4. How far will the UVB bulb be from your reptile? There is an inverse relationship between UVB strength and how far away your reptile is from the source. If closer, then the UVB it experiences will be stronger. If further, then the UVB it experiences will be weaker. Pay attention to the recommended distance listed on the bulb’s packaging, and position your basking areas accordingly.

Use the right fixture

Each type of UVB bulb needs a specific type of fixture to work properly. Follow the directions on the bulb packaging, and don’t try to take shortcuts. If the bulb is available in a kit that includes the fixture or the manufacturer offers a fixture that goes with the bulb, buy that one.

Don’t forget the reflector

Fluorescent UVB bulbs must be used with a reflective light fixture, and preferably one that has been polished to a mirror finish. Otherwise 50% of the UVB produced will go into the fixture rather than getting reflected down into the reptile’s enclosure.

Replace the bulb on time

UVB bulbs don’t last forever. Almost from the moment you turn the bulb on for the first time, its UVB output will gradually decline until it’s just an ordinary lightbulb. Don’t try to save money by using the bulb for as long as it produces light — look at the manufacturer recommendations (usually 6-12 months), write the purchase date on the bulb, and be ready to replace it when it needs replacement.

Give your reptiles opportunities to escape the UVB

In the wild, reptiles will seek shade when the sun gets too strong or when they’ve had enough for the day. Similar to how they move between warmer and cooler areas to thermoregulate, reptiles also photoregulate by moving from sunlight to shade and everywhere in between.

Your UVB lamp should not span the entire length of the enclosure, but rather only part of its length. John Courteney-Smith of Arcadia Reptile calls this “the Light and Shade Method.” The exact ratio of light to shadow will vary from species to species — for example, a bearded dragon will need its UVB lamp to be about 2/3 as long as the enclosure, but a leopard gecko’s lamp will only need to be 1/4 to 1/2.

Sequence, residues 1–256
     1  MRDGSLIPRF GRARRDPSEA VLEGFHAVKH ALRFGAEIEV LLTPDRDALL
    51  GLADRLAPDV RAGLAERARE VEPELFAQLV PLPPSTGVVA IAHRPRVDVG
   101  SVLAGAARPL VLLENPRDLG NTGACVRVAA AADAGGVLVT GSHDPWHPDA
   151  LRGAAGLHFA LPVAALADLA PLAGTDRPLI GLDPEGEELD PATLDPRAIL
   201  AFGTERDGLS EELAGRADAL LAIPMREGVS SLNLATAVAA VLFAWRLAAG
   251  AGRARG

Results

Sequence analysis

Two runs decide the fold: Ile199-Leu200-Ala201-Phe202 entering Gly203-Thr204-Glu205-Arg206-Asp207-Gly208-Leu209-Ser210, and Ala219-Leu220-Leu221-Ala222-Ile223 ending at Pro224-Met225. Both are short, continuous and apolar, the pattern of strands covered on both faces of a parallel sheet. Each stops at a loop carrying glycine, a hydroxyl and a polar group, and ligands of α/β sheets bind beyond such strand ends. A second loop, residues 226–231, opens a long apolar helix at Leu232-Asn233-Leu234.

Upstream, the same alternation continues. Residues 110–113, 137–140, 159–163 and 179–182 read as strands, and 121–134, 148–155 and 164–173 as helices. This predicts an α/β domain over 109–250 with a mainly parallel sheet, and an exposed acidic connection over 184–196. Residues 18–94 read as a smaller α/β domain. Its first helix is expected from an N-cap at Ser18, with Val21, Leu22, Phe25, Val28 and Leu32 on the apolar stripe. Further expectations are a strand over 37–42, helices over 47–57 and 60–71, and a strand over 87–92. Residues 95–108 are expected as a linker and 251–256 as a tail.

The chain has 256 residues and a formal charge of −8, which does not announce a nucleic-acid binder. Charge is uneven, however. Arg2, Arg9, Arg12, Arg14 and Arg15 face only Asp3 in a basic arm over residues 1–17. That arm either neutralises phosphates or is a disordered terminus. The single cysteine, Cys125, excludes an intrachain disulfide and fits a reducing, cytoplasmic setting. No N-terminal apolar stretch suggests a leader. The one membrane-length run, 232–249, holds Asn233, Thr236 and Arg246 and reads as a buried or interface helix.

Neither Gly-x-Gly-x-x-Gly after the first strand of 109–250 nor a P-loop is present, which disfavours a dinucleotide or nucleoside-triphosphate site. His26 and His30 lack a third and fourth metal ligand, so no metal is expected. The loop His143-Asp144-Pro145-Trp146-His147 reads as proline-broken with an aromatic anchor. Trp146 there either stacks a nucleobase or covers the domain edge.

Adjust your supplements

When you are using a UVB bulb at the correct strength for your reptile’s species, its body makes all the vitamin D that it needs, so you don’t need to supplement it in the diet. Use plain, D3- and phosphorous-free calcium powder for dusting on insects.



There will always be people who claim that UVB is “optional” or that certain species just “don’t need it.” But as our understanding of reptile health and husbandry improves, it is becoming increasingly clear that we must consider UVB not just a beneficial option, but a necessity, and included with heat, humidity, and other key elements as a requirement of adequate husbandry.


References and Resources:

These are the resources that I referenced while writing this mini-series. I was only able to skim the surface here, so I highly recommend reading through the following for more in-depth information on UVB and related subjects. However, pay attention to publication dates, as although these are great sources, some are more up-to-date than others.

  • How much UV-B does my reptile need? The UV-Tool, a guide to the selection of UV lighting for reptiles and amphibians in captivityby Frances Baines et al.
  • Fire — The Sun: Its Use & Replication Within Reptile Keepingby John Courteney-Smith
  • Evaluating the Physiologic Effects of Short Duration Ultraviolet B Radiation Exposure in Leopard Geckos (Eublepharis macularius)by Amelia Gould et al.
  • Effects of ultraviolet radiation on plasma 25-hydroxyvitamin D3 concentrations in corn snakes (Elaphe guttata)by Mark J. Acierno et al.
  • An In-Depth Look At UV Light And Its Proper Use With Reptilesby Dr. Frances Baines, MA, VETMB, MRCVS
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About the author: Mariah Healey has been passionate about animal research from a young age. Today, she is a reptile husbandry specialist and the author of, where she publishes her findings on the best practices in modern reptile care. ReptiFiles is the most comprehensive, accurate source of reptile care on the internet, boasting 15 science-based guides to date, with two more in active development.